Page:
To establish that property seized from a person because it may be associated with a suspected drug crime is not subject to permanent forfeiture (loss of ownership) unless an individual is actually convicted. However, the conviction requirement would only apply to forfeitures of less than $50,000 (meaning police and prosecutors could still take and keep assets worth more than that using a lower burden of proof).

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House Bill 5828, Authorize state school safety commission, inspections, grants: Passed 98 to 11 in the House

To create a state school safety commission to devise and promulgate a comprehensive school safety plan, and authorize inspections that would grade schools on their adherence to its guidelines. The bill authorizes a grant program for schools to adopt safety measures but does not identify where the money would come from.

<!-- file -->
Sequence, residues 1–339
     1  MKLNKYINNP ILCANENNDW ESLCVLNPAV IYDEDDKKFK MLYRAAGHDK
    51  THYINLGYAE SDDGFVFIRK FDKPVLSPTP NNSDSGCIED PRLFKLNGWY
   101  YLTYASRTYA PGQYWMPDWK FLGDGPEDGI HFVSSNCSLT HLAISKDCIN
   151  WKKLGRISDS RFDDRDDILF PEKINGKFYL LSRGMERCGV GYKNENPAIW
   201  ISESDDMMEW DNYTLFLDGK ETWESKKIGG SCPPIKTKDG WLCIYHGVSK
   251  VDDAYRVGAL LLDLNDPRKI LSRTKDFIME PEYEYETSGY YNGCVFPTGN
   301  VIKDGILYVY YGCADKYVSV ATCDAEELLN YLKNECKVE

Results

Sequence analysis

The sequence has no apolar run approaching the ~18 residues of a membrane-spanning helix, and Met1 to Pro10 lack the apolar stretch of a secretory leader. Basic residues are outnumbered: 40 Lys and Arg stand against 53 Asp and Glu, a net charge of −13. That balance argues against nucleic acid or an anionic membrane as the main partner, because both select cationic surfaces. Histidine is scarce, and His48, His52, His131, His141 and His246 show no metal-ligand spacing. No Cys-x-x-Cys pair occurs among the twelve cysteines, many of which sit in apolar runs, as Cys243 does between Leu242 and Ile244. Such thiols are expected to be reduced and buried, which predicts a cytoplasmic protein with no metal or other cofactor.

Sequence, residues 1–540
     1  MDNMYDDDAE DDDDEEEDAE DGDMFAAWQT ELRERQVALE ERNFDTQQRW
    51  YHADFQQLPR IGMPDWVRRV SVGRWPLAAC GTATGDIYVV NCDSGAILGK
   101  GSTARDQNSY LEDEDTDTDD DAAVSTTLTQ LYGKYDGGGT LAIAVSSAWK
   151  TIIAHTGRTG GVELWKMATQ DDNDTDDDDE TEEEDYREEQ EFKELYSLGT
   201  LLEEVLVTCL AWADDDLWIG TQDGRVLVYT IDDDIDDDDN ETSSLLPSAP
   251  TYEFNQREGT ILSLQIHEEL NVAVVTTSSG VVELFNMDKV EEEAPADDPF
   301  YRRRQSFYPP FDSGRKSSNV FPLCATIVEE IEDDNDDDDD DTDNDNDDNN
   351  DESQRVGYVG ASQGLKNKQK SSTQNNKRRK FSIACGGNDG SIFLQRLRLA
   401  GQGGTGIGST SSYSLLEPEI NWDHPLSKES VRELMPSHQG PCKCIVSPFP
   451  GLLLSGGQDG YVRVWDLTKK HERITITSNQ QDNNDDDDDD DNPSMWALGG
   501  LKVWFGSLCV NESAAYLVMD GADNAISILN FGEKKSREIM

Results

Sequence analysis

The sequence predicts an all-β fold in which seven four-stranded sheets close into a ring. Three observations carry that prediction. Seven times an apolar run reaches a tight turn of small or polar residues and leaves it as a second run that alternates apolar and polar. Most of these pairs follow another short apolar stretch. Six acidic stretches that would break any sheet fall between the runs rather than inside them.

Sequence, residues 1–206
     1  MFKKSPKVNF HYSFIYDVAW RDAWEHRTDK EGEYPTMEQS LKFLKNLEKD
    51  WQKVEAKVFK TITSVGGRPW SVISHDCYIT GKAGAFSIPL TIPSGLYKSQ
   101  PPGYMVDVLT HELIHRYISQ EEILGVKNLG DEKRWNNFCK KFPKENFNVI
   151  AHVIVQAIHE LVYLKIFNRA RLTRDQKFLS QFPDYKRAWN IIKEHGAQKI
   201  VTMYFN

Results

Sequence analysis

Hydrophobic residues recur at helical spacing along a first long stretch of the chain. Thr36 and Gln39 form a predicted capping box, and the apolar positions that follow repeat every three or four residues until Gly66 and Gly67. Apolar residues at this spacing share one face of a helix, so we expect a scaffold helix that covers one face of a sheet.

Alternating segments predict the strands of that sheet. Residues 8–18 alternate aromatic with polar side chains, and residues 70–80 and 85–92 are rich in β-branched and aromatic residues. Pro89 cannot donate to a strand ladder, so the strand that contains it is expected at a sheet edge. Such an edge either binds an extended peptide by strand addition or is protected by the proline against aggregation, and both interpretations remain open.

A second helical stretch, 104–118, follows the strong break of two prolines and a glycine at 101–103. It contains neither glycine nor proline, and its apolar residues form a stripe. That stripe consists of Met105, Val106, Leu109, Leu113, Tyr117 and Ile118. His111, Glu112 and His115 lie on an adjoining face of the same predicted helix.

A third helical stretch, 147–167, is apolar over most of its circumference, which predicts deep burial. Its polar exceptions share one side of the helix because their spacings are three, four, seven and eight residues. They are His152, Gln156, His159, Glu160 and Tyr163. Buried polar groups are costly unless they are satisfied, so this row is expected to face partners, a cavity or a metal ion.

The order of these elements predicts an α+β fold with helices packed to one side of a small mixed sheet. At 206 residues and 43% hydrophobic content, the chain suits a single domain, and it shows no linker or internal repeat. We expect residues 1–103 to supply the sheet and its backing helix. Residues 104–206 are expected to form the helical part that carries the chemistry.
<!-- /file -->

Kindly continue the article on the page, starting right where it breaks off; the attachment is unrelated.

House Bill 5851, Require schools submit threat reports: Passed 69 to 40 in the House

To require public schools to file annual reports with details of all attempted acts of violence on school grounds that were thwarted, and all threats of violence against the school, staff or students. The State Police would be required to compile these into a secret annual statewide report for the School Safety Commission proposed by House Bill 5828.


House Bill 5830, Require new schools meet safety protocols: Passed 97 to 12 in the House

To require new or renovated school buildings to include a combination of safety measures specified in the bill, as determined by the school safety commission proposed by House Bill 5828. Among the measures are state-approved layouts, surveillance technology, reinforced entry doors and remote door locks.